His line coach, Earl Leggett said in midseason, 1978, "Cedrick's doing a helluva job for us. It's an accumulation of things, individual effort, he gives us leadership".

Legget added—

In 1979 Hardman played through a bad ankle injury in what he said was "a year he shouldn't have tried to play". He gutted it out for new coach Bill Walsh but logged just 3½ sacks by far his lowest NFL total.
In May 1980, Walsh traded Hardman to the raiders for a fifth and six round picks and with the Raiders he found a new role or an old role depending on how one defines it. He was the Raiders right end in sub (nickel/dime) packages just as he was for the majority of 1970 for the 49ers. He was the first designated pass rusher to earn a Super Bowl ring (a year before Fred Dean did it for the 49ers) and he led the Raiders with 9½ sacks.

Hardman returned to that role in 1981 and that ended his NFL career. He returned to pro football in 1983 as a starting right defensive end for the Oakland Invaders of the USFL and led that squad with eight sacks. Hardman could seemingly roll out of bed and rush the passer, which is what Hardman once termed "the main reason for living the first 13 years of my adult life".

Hardman, at 6-3, 255, and a 4.8 or so 40-yard dash but a very quick 'get off', would likely be a high draft pick now as an edge rusher and that cannot be said of all the players 40-50 years ago but the way the NFL game is played now, Hardman, with his skill set, would fit having enough size and speed to compete. Proscout, Inc. said this, "(P)erhaps no DE had his upfield burst of speed. Made him ‘trappable’ early in career but his ‘eyes lit up’ when 49ers put an opponent in 3rd and long”. Essentially those comments confirm that he was a rush-the-passer first kind of player, but since he did that so well, he was a valuable player.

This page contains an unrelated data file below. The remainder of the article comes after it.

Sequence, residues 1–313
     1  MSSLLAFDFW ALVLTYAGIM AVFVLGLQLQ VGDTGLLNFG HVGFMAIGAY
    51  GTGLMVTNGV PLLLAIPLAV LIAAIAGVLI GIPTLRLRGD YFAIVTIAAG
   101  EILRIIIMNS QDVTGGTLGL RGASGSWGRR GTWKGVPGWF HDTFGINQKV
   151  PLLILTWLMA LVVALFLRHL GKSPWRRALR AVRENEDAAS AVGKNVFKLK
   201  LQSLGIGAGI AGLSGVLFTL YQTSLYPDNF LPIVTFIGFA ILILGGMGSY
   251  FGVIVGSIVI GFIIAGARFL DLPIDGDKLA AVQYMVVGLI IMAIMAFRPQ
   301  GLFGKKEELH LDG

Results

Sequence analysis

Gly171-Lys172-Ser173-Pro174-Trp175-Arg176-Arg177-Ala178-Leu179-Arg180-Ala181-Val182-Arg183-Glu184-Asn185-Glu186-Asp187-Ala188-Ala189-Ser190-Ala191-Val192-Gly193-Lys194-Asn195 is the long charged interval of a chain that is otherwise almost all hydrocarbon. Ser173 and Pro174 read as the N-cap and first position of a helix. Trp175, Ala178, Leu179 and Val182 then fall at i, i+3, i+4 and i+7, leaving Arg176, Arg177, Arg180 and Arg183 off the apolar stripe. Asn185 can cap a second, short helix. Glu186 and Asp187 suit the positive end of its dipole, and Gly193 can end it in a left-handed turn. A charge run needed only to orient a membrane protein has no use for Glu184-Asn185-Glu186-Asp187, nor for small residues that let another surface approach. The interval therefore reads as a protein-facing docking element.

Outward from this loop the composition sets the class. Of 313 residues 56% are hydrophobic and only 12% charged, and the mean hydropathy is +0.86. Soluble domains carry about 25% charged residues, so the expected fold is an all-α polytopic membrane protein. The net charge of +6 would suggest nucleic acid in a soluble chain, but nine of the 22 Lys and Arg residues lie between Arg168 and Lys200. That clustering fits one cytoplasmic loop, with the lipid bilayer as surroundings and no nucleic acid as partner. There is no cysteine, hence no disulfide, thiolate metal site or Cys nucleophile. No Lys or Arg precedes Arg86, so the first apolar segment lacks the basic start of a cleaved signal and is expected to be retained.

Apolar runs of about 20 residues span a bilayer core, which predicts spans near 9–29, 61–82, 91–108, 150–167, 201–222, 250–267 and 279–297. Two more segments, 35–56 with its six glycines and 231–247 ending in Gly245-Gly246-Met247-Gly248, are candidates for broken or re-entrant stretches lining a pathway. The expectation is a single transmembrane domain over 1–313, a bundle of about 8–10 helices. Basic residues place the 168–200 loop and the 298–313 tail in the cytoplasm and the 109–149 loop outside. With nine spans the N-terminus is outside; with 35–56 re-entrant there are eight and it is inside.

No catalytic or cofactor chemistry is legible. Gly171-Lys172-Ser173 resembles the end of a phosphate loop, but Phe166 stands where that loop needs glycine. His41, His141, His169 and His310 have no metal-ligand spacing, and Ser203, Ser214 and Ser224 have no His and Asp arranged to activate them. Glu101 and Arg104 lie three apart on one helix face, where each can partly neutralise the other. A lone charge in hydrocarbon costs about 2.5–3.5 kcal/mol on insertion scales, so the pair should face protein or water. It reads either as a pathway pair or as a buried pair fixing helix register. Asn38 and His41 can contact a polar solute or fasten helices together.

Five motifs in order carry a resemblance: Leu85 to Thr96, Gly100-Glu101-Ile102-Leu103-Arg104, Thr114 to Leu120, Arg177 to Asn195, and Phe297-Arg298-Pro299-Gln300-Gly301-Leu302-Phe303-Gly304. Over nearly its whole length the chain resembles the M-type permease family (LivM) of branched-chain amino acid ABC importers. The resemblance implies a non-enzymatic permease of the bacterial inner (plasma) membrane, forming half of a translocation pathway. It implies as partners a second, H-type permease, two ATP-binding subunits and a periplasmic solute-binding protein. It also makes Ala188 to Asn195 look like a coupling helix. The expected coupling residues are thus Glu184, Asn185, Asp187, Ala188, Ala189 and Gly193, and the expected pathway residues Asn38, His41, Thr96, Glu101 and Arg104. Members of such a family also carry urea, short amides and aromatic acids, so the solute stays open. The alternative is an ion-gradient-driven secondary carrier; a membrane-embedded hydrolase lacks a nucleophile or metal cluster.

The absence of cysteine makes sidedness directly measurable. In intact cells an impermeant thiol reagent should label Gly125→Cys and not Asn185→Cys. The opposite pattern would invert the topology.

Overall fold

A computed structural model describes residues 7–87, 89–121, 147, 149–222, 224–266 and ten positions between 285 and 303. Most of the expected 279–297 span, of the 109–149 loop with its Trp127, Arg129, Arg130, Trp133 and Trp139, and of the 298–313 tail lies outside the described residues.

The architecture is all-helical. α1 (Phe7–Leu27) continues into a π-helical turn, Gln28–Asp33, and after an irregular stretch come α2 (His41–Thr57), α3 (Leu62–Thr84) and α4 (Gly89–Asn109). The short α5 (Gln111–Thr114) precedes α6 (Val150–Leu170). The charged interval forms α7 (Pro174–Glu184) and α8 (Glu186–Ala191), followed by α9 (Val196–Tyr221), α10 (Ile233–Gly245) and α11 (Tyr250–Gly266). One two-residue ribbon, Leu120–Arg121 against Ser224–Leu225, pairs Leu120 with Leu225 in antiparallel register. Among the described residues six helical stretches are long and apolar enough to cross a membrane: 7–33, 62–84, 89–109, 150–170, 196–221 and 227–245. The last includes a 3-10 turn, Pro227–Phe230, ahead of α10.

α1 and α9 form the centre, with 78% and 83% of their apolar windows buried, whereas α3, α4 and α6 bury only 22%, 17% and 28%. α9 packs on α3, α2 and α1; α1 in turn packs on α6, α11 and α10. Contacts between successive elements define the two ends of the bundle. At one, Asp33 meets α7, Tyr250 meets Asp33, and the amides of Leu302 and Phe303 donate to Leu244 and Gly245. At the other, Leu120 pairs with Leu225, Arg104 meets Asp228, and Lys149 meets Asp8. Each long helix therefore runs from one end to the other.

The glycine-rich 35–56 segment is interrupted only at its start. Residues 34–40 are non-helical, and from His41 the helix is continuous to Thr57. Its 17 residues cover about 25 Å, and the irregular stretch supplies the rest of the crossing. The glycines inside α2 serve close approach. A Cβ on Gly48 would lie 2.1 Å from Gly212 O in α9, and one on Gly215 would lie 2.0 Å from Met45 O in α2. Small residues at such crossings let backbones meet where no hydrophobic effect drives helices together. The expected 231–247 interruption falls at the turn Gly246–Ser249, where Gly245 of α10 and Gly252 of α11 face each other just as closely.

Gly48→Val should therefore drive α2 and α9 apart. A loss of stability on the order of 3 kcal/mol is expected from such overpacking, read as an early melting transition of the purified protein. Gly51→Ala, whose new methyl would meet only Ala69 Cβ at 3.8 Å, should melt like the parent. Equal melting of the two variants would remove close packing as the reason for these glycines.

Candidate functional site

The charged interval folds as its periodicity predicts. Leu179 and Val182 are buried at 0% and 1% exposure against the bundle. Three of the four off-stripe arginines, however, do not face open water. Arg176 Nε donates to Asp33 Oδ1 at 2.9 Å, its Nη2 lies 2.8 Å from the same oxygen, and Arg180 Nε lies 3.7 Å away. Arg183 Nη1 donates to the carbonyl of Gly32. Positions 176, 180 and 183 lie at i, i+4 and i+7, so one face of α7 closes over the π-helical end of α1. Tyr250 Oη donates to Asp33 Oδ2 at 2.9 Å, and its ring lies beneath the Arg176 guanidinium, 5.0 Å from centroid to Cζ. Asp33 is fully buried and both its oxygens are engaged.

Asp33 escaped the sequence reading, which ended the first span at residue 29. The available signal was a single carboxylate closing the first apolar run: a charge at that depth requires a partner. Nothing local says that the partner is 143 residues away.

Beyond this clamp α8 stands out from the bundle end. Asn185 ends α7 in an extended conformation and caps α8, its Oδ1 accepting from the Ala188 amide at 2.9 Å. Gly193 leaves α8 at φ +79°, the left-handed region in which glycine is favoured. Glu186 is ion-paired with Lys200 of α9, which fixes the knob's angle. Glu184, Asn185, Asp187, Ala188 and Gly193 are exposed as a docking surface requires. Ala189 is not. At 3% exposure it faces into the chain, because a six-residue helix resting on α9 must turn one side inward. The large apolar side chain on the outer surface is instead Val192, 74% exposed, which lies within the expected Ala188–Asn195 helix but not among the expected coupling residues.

Hardman dabbled in acting during and after his career, but he also coached. He was a head coach a Laguna Beach High School but that was derailed when Hardman was arrested for cocaine possession, something that haunted Hardman.
In Stir Crazy with Gene Wilder and Richard Pryor



Shots from 1972's "The Candidate" Starring Robert Redford
In 1990 he got a second-chance when George Allen hired him as a volunteer coach for Long Beach State University. Allen said at the time "I wanted to help him get over the hump because I know he's a good man".

Yes, he was.

Career Stats:

Complete Honors:
1970s All-Decade Team (Paul "Dr. Z" Zimmerman)

Major All-Pro Squads:
1971 Second-team All-Pro (PFWA); Pro Bowl
1975 Second-team All-Pro (NEA); Pro Bowl

Minor All-Pro Squads:
1971 First-team All-Pro (Paul Zimmerman—New York Post)
1972 Second-team All-Pro (Football News)
1975 First-team All-Pro (Cliff Christl—Green Bay Press-Gazette)
1976 First-team All-Pro (George Allen—Sport Magazine)

Major All-Conference Squads:
1971 Second-team All-NFC (UPI)
1972 Honorable mention All-NFC (UPI)
1975 First-team All-NFC (SN)
1976 Honorable mention All-NFC (UPI)
1977 Honorable mention All-NFC (UPI)